Friday, October 5, 2007
CCHS parents concerned with sports, thefts
The first Parent Coffee for the new principal, Peter Badalament, highlighted two problems on the minds of parents at the high school: the all-consuming nature of sports at all levels, and a spate of recent thefts, particularly in locker rooms. Of the 25 parents in attendance on October 1, a few reported their own children had been victims of theft by other students.
Recent thefts troubling
Badalament said seven thefts have been reported recently, all involving items left outside or in unlocked lockers. The locker room is where most crimes take place, as cameras installed in other parts of the campus are not allowed there. Badalament noted, "This has been an on-going issue for a decade" and does not necessarily reflect a recent up-turn. On the other hand, "things left out seem to be disappearing really quickly. It's really troubling." Items typically taken include cameras, watches, calculators, IPODs and cash.
There are several issues with lockers that contribute to the problem. Seniors do not get lockers due to the limited supply. Large book bags do not fit in the lockers, and with a 230,000-square-foot campus, many students find their lockers inconveniently located and leave belongings other places. Badalament noted these issues cannot be addressed until the high school building project occurs. A new building would likely have a smaller, more vertical footprint making lockers accessible, and would also include surveillance and security not presently feasible or cost-effective.
One parent suggested consequences for students who buy stolen goods. Responded Badalament, "Those found in possession are held to the same standard as those who stole." Consequences include up to ten days suspension and a possible felony conviction for thefts over $250. Badalament also noted he recently met with police, and new initiatives are being planned which he is not at liberty to reveal.
A parent noted one thief was as brazen as to wear stolen clothing to school, and another parent said the perception now is that "no one ever gets caught." Badalament admitted that the perception is pretty accurate. "The percentage of incidents in which we actually catch somebody is very low."
So how to get students to break the code of silence? Badalament said he will be meeting with the student senate and will ask for input and a plan. In the meantime, he suggested parents raise awareness with their students and tell them to give valuable items to coaches. A coffee participant suggested bright tape on small electronics to make items immediately identifiable and less enticing.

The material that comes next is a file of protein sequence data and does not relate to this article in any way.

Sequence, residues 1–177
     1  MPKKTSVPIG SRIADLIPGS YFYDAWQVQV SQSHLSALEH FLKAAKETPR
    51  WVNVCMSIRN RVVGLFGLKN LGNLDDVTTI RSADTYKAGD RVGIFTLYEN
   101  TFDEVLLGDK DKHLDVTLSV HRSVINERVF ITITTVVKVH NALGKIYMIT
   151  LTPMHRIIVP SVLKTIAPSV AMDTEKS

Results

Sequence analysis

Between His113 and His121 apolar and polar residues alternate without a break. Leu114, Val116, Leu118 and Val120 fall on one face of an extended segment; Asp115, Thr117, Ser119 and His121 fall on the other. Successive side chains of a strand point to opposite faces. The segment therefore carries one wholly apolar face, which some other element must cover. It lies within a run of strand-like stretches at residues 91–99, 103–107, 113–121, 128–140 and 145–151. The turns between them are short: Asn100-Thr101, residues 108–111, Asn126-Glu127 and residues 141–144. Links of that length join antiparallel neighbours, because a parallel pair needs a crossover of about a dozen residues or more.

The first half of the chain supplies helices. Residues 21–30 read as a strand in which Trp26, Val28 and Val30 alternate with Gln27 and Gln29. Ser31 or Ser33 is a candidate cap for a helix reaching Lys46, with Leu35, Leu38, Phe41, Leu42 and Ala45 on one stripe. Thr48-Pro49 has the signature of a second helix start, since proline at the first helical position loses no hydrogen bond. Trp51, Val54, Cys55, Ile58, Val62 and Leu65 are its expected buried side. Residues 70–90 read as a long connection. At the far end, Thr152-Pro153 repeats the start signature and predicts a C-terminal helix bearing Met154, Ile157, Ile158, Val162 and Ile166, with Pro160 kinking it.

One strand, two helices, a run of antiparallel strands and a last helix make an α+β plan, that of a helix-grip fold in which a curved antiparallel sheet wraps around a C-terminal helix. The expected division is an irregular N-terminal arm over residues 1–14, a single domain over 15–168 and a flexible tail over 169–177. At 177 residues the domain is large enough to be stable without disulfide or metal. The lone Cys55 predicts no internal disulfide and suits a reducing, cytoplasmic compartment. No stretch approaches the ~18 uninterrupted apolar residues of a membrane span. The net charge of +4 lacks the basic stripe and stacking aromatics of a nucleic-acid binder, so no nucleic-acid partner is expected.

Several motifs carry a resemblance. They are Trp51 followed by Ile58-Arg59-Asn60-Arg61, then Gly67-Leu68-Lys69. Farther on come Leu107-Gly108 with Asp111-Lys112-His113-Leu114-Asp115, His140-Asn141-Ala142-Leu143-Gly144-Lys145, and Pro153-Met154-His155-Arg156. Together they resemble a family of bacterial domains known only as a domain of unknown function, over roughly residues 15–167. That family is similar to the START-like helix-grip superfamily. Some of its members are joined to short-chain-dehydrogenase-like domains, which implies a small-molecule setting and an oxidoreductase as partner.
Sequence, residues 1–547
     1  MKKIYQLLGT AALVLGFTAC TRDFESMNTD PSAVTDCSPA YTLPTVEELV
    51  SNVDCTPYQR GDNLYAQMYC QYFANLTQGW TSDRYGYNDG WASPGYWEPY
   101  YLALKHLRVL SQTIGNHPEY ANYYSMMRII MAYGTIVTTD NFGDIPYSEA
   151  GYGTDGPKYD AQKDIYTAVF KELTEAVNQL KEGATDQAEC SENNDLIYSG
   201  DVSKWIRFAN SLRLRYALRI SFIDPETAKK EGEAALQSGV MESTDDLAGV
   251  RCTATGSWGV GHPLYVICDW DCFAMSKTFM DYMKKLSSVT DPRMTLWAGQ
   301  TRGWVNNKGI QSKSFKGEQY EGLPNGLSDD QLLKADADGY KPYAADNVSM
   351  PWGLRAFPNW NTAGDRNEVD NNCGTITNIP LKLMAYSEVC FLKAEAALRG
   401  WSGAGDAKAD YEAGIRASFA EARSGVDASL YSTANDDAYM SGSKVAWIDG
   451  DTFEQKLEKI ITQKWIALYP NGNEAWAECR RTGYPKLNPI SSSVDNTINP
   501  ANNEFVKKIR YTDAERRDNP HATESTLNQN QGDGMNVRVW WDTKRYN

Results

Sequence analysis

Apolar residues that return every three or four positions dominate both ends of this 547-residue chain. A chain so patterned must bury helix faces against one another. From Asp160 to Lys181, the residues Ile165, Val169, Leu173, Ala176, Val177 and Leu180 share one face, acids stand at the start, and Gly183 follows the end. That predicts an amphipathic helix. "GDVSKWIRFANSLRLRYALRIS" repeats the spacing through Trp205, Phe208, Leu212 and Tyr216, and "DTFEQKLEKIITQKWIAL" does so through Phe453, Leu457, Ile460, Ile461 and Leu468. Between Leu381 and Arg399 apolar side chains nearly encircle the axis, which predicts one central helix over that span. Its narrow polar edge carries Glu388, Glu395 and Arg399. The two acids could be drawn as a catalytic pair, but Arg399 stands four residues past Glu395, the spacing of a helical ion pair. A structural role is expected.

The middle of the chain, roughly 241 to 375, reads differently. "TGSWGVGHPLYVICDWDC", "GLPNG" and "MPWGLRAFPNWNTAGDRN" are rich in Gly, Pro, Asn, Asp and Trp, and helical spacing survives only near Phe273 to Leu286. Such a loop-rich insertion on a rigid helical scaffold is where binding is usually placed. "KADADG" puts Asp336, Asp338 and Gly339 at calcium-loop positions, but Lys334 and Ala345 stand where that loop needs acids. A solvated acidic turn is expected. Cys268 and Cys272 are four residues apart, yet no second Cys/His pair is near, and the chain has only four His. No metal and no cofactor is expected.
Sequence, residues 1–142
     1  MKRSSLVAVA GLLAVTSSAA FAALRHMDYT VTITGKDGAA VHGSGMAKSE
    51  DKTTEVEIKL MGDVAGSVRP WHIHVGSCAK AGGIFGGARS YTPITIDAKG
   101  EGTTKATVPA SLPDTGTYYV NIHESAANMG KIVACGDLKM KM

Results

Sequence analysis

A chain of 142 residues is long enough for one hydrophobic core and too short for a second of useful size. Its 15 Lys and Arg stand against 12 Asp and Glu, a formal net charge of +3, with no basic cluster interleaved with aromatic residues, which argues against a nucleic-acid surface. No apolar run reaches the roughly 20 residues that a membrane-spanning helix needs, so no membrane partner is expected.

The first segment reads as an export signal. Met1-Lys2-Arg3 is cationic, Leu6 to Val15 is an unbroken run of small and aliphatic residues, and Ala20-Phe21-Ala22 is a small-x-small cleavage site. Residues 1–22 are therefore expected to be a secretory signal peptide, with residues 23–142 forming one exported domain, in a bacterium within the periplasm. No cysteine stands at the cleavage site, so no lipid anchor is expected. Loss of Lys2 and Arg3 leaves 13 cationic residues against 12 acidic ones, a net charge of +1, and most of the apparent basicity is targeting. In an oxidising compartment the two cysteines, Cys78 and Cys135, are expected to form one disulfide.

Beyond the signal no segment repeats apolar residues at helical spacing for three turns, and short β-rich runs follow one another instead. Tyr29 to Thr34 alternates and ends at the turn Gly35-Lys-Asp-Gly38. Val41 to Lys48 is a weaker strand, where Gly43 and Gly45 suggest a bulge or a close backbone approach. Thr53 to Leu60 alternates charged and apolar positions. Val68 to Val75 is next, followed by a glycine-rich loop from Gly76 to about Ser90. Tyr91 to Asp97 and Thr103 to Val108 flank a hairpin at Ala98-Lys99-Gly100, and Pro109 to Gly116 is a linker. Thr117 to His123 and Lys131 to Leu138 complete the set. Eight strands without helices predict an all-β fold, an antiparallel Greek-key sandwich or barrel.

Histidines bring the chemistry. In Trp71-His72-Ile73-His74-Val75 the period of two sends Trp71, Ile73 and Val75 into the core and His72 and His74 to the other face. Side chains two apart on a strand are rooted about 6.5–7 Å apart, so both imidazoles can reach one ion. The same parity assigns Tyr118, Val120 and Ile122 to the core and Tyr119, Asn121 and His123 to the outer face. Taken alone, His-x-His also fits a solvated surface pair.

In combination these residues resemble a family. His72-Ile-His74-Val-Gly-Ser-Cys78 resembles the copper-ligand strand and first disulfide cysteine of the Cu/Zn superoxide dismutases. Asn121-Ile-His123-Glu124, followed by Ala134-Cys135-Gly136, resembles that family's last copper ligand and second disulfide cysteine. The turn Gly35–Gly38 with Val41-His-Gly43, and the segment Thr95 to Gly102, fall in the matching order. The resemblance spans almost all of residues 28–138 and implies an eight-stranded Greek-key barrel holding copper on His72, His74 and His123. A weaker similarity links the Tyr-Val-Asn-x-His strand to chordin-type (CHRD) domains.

Parents want sports flexibility
A desire for more flexibility in athletic schedules was a topic of spirited discussion. One parent said she regretted her senior had not had the opportunity to participate in activities because of three-season sports. "Coaches are not that flexible about missing a practice" in order to take part in a different activity. Someone else chimed in, "Coaches, especially on the freshman level, need to lighten up." Her student received on-going criticism for leaving practice ten minutes early to get to a job on time.
Badalament agreed with a parent who believed freshmen should have the opportunity to try several activities before deciding where to focus, and promised to investigate whether it was feasible to cut back freshmen sports by one day a week to allow participation in another activity.
A question was posed about the value of having a student who has completed his/her athletic events at a meet stay to watch other teams and ride the bus, when that time might better be used for homework. A parent can pick up a student with 24-hours notice, but many parents are not aware of this policy, and some questioned the need for so much notice. Badalament said coaches believe "part of the team experience is riding the bus."
Other suggestions were put forward, including putting sports and activities information on-line, nailing down try-out schedules earlier, making sure try-out information gets to eighth graders and Carlisle students who do not read the Concord Journal, and disseminating the policy about picking up a student from a meet.
Badalament offered his philosophy that the most important aspect of student athletics is "well-staffed, quality coaching for a solid experience."
Badalament said CCHS is unique in "the more than 30 clubs, more for a variety of interests than I've seen anywhere else I've worked." He pointed in particular to the four to five publications put out by students, and to new initiatives by the Concord Police Department to engage students after school. He added that while he is proud 80% of students participate in activities, he is not satisfied, and would like to reach the 20% who do not.
© 2007 The